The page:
Trauma-based entitlement is very common in people who are abusive. The notion that I have to go through so much, so f** you, you just have to deal with whatever I do to you. When the entitlement is thwarted, there is the notion of being defied, or being humiliated, or of being shamed. This is what has been called humiliated fury, when insecurity, toxic shame and entitlement combine. It is a very dangerous emotional state. There is much we need to understand if we are to undertake effective primary prevention, as well as provide adequate and effective resources to assist victims.
Mr President, Project O, run by BighART, is a successful primary prevention model that was piloted in Wynyard in 2015, in a family violence hotspot, and is now a national strategy that has generated strong bipartisan media and public interest.
Project O has enabled young women, many of whom who have been directly impacted by family violence, to build the confidence and skills to become change-makers in their community. I have watched these young women really step up. It has been life-changing for them and their families, and our community. We need to support similar successful models.
Jess Hill also commented on ways to detect and assist those impacted by coercive control, acknowledging that these women may be in quite dangerous situations. She said -
When you first hear those red flags - isolation, micromanagement, rule setting, financial control - you need to respond carefully, listen without judgement, criticise their partner's behaviour, but do not condemn their partner. That may make them defensive. Comment on the changes you have noticed in them personally, and why you are worried about it. Most importantly, do not give up. The perpetrator wants their partner to be isolated, so do not enable them, stay in contact if you can. Remember, always that your friend is the expert in their own experience. They do not need you to take over. Let them know that if they are thinking of leaving, they should get in touch with a domestic violence case worker, so they can develop a safety plan. Lastly, do not make your friendship conditional on your friend leaving. They may take months or years to leave, or they may never leave. Just let them know you will be there for them, no matter what.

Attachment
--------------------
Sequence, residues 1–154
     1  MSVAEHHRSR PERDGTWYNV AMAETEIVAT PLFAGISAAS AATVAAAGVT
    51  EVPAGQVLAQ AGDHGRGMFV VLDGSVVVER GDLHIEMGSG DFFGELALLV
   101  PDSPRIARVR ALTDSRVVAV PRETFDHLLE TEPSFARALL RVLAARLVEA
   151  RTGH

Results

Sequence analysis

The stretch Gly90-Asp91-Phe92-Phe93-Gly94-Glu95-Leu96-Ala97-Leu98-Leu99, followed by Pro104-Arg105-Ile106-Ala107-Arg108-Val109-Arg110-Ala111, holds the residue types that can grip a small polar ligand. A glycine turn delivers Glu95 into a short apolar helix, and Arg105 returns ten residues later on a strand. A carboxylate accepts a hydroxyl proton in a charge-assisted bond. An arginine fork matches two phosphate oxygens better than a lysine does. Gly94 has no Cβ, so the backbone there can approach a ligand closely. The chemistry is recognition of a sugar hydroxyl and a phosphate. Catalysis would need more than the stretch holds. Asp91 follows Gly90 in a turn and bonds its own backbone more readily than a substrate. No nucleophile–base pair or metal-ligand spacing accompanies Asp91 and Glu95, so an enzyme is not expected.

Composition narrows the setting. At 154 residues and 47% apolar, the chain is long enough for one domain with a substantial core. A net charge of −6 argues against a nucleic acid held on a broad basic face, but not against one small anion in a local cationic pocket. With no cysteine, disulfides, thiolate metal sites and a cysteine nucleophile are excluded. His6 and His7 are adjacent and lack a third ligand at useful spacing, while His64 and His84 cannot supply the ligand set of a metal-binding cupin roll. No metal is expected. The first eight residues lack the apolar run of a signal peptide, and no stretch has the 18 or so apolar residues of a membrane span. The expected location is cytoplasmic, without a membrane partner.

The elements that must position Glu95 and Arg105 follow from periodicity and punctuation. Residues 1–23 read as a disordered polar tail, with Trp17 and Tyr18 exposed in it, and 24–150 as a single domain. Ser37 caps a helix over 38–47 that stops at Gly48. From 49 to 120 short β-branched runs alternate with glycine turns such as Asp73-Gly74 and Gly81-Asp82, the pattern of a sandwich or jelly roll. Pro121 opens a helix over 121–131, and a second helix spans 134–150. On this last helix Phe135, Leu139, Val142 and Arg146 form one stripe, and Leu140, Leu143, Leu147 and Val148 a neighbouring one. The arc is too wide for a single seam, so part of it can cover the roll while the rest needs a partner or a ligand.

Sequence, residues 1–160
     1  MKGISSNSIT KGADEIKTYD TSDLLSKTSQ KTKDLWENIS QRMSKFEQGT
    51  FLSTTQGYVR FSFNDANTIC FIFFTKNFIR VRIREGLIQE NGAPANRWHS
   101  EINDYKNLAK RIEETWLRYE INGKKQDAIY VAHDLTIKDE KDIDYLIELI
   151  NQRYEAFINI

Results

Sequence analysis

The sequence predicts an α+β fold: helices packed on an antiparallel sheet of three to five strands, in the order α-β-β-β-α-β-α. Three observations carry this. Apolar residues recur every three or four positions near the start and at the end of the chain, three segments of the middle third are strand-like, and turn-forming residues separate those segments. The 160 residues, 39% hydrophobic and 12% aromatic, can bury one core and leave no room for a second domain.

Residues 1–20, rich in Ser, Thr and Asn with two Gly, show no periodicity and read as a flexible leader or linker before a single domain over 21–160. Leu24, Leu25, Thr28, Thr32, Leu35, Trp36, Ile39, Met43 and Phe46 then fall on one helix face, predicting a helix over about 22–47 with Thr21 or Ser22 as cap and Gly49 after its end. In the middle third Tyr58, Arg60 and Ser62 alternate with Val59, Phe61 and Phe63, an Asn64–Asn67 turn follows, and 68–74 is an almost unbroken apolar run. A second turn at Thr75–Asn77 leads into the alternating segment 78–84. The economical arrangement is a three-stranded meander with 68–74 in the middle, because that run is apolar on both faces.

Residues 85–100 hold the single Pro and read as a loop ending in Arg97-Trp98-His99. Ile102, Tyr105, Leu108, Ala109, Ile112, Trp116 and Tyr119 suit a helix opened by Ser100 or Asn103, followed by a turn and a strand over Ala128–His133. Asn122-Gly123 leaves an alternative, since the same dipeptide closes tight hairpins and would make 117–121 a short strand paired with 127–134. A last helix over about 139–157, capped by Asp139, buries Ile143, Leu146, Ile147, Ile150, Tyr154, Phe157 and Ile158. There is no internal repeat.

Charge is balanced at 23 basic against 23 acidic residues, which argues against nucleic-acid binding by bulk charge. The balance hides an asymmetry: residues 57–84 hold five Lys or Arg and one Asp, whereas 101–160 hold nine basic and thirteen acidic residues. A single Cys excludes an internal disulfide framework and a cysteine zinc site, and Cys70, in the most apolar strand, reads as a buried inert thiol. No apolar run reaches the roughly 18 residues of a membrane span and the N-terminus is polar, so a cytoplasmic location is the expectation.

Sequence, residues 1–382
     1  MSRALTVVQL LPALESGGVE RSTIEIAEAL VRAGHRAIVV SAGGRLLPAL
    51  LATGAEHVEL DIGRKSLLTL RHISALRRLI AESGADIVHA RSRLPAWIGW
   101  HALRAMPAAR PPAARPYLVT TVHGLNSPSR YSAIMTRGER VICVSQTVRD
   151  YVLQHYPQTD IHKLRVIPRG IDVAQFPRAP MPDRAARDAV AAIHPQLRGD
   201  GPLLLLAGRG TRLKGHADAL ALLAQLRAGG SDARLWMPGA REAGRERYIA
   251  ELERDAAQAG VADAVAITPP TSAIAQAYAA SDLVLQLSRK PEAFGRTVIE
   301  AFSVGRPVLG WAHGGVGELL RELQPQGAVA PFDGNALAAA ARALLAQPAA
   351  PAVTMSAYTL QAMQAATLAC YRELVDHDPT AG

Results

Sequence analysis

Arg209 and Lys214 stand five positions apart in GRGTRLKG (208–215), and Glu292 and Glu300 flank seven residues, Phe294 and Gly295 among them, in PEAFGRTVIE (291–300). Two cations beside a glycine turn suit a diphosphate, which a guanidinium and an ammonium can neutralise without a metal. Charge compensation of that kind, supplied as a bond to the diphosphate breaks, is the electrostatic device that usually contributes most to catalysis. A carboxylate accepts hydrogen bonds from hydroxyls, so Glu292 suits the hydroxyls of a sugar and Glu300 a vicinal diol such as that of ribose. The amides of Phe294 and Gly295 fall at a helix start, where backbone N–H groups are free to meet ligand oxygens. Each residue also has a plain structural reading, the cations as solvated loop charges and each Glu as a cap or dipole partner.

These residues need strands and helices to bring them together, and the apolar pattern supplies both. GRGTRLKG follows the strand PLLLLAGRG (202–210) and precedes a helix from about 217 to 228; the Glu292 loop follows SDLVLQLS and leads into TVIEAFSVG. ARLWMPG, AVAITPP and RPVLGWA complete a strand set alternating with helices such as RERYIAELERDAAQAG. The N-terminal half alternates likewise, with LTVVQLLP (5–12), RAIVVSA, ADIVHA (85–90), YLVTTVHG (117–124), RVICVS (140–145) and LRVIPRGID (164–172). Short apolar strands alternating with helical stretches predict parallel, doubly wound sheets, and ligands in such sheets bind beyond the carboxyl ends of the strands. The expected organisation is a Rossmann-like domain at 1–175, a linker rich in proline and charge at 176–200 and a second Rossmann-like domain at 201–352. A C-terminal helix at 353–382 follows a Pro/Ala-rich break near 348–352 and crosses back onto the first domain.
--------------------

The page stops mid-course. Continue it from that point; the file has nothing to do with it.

Jess also makes some suggestions on the way forward and the role of police. She suggests we need practical action at the coalface, and encourages and supports women who seek help, keeps them and their children safe, and removes loopholes of impunity for perpetrators. If the government wants new ideas, here are some bold new strategies proven to reduce domestic abuse here and internationally. They should be seriously considered.
First, the introduction of police stations for women, which are solely dedicated for policing family violence and provide a one-stop shop for women and children, including therapeutic, legal and financial help. They have been proven to reduce domestic violence in countries across South America. Crucially, they get women reporting earlier.
Second, we should look very seriously at criminalising coercive control, as has been promised by the Queensland opposition leader, Deb Frecklington, and urged by New South Wales MP Anna Watson. We, in this area in Tasmania, have been a leader in this. The Government is to be commended for its action in this matter. We need to make sure all police are equipped to respond effectively and appropriately to keep women and children safe, and to really recognise coercive control when they see it.